Thought-Culture or Practical Mental Training



Thought-Culture is based upon two general scientific facts which may be stated as follows:

I. The brain centres of thought may be developed by exercise. While we do not assert that the brain and the mind are identical, it is nevertheless a scientific truth that “the brain is the organ of the mind” and that one of the first requisites for a good mind is a good brain. It has been proven by experiment that the brain-cells concerned in special mental activities multiply in proportion to the active use of the special faculties employed in the mental operation. It has also been ascertained that disuse of special faculties of the mind tends to cause a process akin to atrophy in the brain-cells concerned in the particular activity, so that it becomes difficult to think clearly along those particular lines after a long period of disuse. Moreover, it is known that the education and mental culture of a child is accompanied by an increase and development of the brain-cells connected with the particular fields of thought in which the child is exercised.

There is a close analogy between the exercise of the brain-cells and the exercise of the muscles of the body. Both respond to reasonable exercise; both are injured by overwork; both degenerate by disuse. As Brooks says: “The mind grows by its own inherent energies. Mental exercise is thus the law of mental development. As a muscle grows strong by use, so any faculty of the mind is developed by its proper use and exercise. An inactive mind, like an unused muscle, becomes weak and unskilful. Hang the arm in a sling and the muscle becomes flabby and loses its vigor and skill; let the mind remain inactive and it acquires a mental flabbiness that unfits it for any severe or prolonged activity. An idle mind loses its tone and strength like an unused muscle; the mental powers go to rust through idleness and inaction. To develop the faculties of the mind and secure their highest activity and efficiency, there must be a constant and judicious exercise of these faculties. The object of culture is to stimulate and direct the activity of the mind.”

Experiments conducted by scientists upon dogs have shown that in the case of dogs specially trained to unusual mental activity, there has been a corresponding increase of the number of active brain-cells in the particular parts of the brain concerned with those mental activities. Microscopic examination of the brain tissues showed the greatest difference between the brain structure of the trained dogs and untrained ones of the same brood. So carefully were the experiments conducted that it was possible to distinguish between the dogs trained in one set of activities from those trained in another. Biologists have demonstrated the correctness of the brain-cell development theory beyond reasonable doubt, and ordinary human experience also adds its testimony in its favor.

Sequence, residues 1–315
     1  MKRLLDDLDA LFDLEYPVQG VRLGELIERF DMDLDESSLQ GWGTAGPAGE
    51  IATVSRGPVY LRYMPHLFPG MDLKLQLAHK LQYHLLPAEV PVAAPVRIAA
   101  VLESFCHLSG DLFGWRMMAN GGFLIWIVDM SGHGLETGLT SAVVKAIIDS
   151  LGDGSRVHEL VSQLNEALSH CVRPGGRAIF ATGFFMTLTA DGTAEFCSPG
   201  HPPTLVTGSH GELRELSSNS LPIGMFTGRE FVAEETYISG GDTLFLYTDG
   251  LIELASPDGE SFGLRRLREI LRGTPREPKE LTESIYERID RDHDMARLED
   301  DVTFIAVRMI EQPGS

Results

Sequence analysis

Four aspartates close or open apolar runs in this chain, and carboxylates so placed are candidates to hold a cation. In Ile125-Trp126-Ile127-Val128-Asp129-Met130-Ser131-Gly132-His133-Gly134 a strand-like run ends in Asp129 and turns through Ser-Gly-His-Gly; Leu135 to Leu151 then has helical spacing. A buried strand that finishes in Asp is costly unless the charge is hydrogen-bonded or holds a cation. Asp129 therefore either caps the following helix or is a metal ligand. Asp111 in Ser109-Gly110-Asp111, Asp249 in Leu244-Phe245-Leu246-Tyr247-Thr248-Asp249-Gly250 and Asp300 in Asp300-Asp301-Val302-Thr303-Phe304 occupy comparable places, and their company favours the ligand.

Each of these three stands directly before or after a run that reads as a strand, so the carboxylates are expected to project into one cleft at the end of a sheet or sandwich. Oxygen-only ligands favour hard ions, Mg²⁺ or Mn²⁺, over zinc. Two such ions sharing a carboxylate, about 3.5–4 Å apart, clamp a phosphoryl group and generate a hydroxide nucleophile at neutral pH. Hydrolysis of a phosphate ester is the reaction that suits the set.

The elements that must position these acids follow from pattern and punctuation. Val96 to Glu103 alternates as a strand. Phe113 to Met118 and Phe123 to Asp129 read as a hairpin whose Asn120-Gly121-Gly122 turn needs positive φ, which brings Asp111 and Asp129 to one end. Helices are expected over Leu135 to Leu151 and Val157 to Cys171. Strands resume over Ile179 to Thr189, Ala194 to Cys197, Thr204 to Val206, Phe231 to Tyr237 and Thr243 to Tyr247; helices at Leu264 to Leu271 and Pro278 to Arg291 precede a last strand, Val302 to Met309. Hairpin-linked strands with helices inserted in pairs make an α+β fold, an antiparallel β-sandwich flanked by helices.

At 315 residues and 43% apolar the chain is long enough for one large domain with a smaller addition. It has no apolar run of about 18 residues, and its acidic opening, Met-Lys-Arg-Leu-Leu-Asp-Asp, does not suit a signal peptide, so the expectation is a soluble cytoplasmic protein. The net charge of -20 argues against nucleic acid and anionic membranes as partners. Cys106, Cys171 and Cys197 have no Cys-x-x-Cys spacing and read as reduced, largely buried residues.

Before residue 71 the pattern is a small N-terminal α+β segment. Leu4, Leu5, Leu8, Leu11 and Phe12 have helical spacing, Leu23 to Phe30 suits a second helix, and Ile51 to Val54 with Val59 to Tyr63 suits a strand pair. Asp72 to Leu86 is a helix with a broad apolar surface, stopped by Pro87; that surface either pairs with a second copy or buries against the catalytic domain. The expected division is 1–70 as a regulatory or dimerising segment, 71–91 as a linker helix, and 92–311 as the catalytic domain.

In view of the above, it will be seen that by intelligent exercise and use any and all faculties of the mind may be developed and cultivated, just as may any special muscle of the body. And this exercise can come only from actual use of the faculties themselves. Development must come from within and not from without. No system of outward stimulation will develop the faculties of the mind–they may be cultivated only by an exercise in their own particular field of work. The only way to exercise any particular faculty of thought is to _think_ through that faculty.

II. Not only are the brain-cells developed by exercise, but it also appears to be a fact that the mind appears actually to be _nourished_ by knowledge of the outside world of things. The raw material of thought is taken into the mind and there is digested by the thought-processes, and is afterward actually _assimilated_ by the mind in a manner strikingly similar to the processes of the physical organs of nutrition. A mind to be at its best must be supplied with a normal amount of mental nourishment. Lacking this, it tends to become weak and inefficient. And, likewise, if its owner is a mental glutton and furnishes too much nourishment, particularly of a rich kind, there is a tendency toward “mental dyspepsia” and indigestion–the mind, unable to assimilate the mental food furnished it, is inclined to rebel. Moreover, if the mind be supplied with mental food of only one kind–if the mind is confined to one narrow field of thought–it weakens and the mental processes become impaired. In many ways is this curious analogy apparent.

Not only does the mind need development, but it also needs intelligent cultivation. For it may be _developed_ by improper objects of thought just as well as by the proper ones. A rich field will grow tares and weeds as well as good grain or fruit. Thought-culture should not be confined to the _development of a strong and active mind_, but should be also extended to the _cultivation of a wise and intelligent mind_. Strength and Wisdom should be combined. Moreover there should be sought a harmonious and normal development. A one-sided, mental development is apt to produce a “crank,” while a development in unhealthy mental fields will produce an abnormal thinker tending dangerously near to the line of insanity. Some “one-idea” men have great mental power and development, but are nevertheless unbalanced and impractical. And insane persons often have strongly developed minds–developed abnormally.